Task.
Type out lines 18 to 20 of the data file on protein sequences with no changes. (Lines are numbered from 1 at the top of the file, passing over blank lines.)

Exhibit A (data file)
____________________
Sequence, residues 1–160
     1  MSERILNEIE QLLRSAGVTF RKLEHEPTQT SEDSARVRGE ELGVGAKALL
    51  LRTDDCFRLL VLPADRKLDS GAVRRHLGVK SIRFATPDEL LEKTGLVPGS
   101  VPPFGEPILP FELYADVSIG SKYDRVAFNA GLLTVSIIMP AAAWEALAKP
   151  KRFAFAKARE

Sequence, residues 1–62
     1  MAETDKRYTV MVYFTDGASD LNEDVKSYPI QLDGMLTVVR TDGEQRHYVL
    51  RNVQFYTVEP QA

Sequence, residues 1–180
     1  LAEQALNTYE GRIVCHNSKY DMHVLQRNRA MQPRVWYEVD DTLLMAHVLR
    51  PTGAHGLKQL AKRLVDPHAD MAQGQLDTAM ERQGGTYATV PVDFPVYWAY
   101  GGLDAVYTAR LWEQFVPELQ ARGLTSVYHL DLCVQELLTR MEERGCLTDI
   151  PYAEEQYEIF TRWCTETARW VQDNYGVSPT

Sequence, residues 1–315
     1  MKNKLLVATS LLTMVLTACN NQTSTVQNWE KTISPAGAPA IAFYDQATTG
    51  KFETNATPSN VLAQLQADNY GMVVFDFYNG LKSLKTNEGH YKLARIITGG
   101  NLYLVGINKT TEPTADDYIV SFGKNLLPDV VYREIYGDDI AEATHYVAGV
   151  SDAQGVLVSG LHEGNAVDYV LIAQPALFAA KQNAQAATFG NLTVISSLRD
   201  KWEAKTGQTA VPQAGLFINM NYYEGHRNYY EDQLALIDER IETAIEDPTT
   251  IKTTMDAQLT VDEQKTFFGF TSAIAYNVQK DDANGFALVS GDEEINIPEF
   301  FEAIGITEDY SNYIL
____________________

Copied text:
   151  SDAQGVLVSG LHEGNAVDYV LIAQPALFAA KQNAQAATFG NLTVISSLRD
   201  KWEAKTGQTA VPQAGLFINM NYYEGHRNYY EDQLALIDER IETAIEDPTT
   251  IKTTMDAQLT VDEQKTFFGF TSAIAYNVQK DDANGFALVS GDEEINIPEF